Aside from Alec Baldwin's Tony Bennett impression (which was so spot-on I won't hear a word against Baldwin for as long as he lives), I thought the "Saturday Night Live" 40th anniversary show was pretty much a snoozeroo. But the sight of Bill Murray's ravaged visage reminded me of the latter of his two great Oscar-worthy performances. A week ahead of this year's Academy Award winners, I thought it would be appropriate to salute an Academy Award loser for our Saturday movie date - and a loser who, on the big night, was weirdly humiliated in his loss by the Oscar host (and Bill Murray's supposed friend) Billy Crystal. Nominated in four categories, Sofia Coppola's 2003 film Lost In Translation won in only one - for Miss Coppola's screenplay:
The film begins with a close-up of a young lady's bottom, lying on a bed, sheathed in diaphanous panties. It is a pert and beguiling posterior, and one assumes that it's sitting there giving you the come-hither eye as the usual cinematic shorthand for sexual anticipation. But, as you settle into this marvelous picture, you realize it's about an intimacy far more intense than that. Miss Coppola's title is a pun. It refers not just to cultural dislocation – a Tokyo full of Americanisms that aren't quite right – but also to emotional upending – what happens when you take a jaded, haggard B-list celebrity and a barely-out-of-college girl and you transplant them far from the restraining contours of their daily lives.
I've a fondness for stories that have a clock on them – like On The Town, with its three sailors enjoying 24 hours in New York. Often, the artificiality of the time limit makes the drama all the more natural: because the finish is dictated by the clock, there's no need for one of those over-neat narratives in which characters undergo life-changing events and wrap them up in time for the credits. Thus, Miss Coppola's film is more a mood piece than a plot – Bob (Bill Murray) is a faded star who's getting two million bucks to do a tacky whiskey commercial in Japan; Charlotte (Scarlett Johansson) is several decades younger and tagging along with a hot hip photographer she probably shouldn't have married. They're holed up in the Park Hyatt in Tokyo, which is like the Park Hyatt anywhere – it has a piano bar and a pool and its very anonymity strips the environment of romance: if you can find love in the Park Hyatt, it's probably the real thing. This is a very different approach to, say, Richard Curtis (Love Actually, etc), whose middle-aged men and young totty require extremely heightened landscapes – bucolic vistas, mahogany paneling, snow-dappled Victorian mews, etc. In Miss Coppola's film, the hotel's lobbies and elevators look as bleary and jet-lagged as Bill Murray feels. Like many chain hotels in foreign capitals, it has a vaguely unreal quality, just the kind of place where a man who despises his reality might slip his moorings.
His Japanese hosts treat him like the bigshot he no longer is. At the shoot, the director asks him for Bond-like sophistication, but by that he means not Sean Connery but Roger Moore. "For relaxing times make it Suntory times," says Bob, holding up his tumbler. Not Connery cool, maybe not even Moore cool - he knows that, even if his hosts don't.
This is a lovely performance by Murray. If I had to find fault with the American reviews, I'd say that they nailed all the sad, rueful qualities in the picture but didn't draw folks' attention to quite how funny it is. Perhaps that's because Murray is scrupulous about never rising to the comedic bait, no matter how absurd the third-rate lounge-acts and self-consciously wacky TV hosts he's beached among. Until he meets Charlotte, he shuffles through the movie with impeccably deadpan eyes: he is the inscrutable Occidental. But we know he must see the comedy and the fact that he can't be bothered being funny about it somehow underlines his weariness.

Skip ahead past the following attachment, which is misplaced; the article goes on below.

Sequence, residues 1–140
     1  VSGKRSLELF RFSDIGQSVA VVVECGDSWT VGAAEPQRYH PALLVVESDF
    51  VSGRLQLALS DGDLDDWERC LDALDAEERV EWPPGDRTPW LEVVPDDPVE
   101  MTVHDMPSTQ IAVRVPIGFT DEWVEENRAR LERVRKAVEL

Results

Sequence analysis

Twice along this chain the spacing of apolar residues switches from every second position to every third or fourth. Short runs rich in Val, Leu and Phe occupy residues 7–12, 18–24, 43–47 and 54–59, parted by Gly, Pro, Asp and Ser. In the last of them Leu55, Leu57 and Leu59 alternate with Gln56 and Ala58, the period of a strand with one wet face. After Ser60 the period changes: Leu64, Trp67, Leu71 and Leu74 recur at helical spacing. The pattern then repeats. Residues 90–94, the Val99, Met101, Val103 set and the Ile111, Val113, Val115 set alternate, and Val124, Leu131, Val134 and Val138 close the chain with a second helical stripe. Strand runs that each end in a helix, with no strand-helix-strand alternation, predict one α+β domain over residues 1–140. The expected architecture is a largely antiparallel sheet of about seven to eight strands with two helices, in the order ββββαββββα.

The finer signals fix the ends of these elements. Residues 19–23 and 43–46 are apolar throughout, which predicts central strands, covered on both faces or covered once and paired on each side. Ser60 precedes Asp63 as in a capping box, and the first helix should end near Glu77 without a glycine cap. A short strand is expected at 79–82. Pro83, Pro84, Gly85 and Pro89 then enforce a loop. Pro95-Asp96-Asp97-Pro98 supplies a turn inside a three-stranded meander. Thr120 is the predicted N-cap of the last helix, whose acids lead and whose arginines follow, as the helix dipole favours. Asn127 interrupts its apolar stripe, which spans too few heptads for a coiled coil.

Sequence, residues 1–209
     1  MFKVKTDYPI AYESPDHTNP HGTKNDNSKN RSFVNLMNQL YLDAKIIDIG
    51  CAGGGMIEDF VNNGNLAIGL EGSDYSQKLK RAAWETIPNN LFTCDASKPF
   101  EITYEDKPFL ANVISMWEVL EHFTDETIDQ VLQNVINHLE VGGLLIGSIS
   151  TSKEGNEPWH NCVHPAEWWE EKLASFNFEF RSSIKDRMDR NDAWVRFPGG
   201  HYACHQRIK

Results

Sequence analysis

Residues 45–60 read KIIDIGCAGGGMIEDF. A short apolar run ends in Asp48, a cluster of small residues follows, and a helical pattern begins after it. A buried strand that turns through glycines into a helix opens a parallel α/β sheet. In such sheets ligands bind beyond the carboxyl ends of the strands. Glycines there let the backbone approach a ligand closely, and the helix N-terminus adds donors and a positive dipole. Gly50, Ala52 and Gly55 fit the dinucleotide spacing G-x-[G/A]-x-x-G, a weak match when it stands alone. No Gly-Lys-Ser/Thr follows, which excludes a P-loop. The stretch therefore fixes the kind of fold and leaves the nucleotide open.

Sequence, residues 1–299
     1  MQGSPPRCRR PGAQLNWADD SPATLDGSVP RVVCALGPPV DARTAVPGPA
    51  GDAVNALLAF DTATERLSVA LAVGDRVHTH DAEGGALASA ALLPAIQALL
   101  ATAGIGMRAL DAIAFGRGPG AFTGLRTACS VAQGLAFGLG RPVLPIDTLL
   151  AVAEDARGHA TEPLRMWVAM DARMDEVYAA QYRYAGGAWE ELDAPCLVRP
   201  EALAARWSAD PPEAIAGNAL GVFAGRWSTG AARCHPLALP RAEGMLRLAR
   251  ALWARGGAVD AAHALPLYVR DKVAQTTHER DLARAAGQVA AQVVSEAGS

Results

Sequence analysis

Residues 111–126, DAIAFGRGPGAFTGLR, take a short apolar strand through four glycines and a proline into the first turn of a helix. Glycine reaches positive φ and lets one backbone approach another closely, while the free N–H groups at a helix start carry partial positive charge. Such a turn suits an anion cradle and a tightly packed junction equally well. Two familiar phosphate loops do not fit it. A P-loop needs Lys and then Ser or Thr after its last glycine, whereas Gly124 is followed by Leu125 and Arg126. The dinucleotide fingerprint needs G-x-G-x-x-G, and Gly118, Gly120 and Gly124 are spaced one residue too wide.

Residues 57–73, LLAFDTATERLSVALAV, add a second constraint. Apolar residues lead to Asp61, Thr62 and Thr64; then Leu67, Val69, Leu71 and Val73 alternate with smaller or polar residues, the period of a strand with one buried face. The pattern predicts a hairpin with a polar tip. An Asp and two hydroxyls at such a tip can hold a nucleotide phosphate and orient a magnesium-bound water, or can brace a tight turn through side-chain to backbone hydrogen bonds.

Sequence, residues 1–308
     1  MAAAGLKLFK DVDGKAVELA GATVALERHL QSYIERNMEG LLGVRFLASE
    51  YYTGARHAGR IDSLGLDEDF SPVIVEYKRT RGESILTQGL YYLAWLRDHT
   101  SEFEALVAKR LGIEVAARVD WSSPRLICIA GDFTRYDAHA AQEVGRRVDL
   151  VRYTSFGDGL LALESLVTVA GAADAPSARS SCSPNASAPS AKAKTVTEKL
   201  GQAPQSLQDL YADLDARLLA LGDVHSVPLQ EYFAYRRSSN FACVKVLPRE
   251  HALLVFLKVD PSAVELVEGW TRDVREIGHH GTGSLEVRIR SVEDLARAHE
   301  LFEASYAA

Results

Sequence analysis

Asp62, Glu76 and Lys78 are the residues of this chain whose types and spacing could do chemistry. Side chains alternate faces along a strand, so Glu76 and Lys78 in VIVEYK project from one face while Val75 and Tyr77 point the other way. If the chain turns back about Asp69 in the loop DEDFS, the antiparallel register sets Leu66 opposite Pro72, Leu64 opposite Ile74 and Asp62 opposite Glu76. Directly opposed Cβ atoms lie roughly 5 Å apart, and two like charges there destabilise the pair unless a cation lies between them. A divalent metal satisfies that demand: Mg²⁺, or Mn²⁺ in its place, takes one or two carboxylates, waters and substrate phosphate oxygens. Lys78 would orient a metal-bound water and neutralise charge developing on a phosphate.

Boredom brings Bob and Charlotte together. Her eyes wander during some tedious banter at her table and she catches his. They know each other instantly, as only people who don't know each other can. That's to say, they have the intimacy of strangers: they talk about the deep generalities of the big philosophical forest because all the humdrum individual trees of daily life don't crowd in like they do when you know someone well – pick the kids up at four, Sue and Roger are coming for dinner… Bob loves his wife but it's all kids and décor now. She faxes him urgent demands to know which carpet color he likes best – perhaps the only detail in the movie that feels too contrived, too crude an indicator of the way love decays into housekeeping.
Murray's performance is the Oscar bait, but Miss Johansson, just 18 years old but playing a little older, is indispensable. It's through her that we understand his loss and his longing; watching her do "Brass In Pocket" on the karaoke machine, you see what he sees, you see why her careless vivacity brings him alive. She's intelligent and naïve and confident and sweet. Maybe she's the one - or she would have been if he'd met her in 1973. Or maybe, after children and the house and a decade or two, he'd be right back where he is now. She has smart eyes and lush lips and that cute butt, which is where we came in, and by the time we see it again somehow giggling over the TV in your room while eating mini-bar snacks in T-shirt and underwear seems potentially far more dangerously intimate than a quick shag. Miss Coppola took one of the most over-mined seams in popular entertainment and somehow managed to make a bittersweet, morally serious character drama out of it. The leads and the movie should all have gotten Oscars
Bonus: The lounge singer's big number is "Midnight At The Oasis", which is just perfect.
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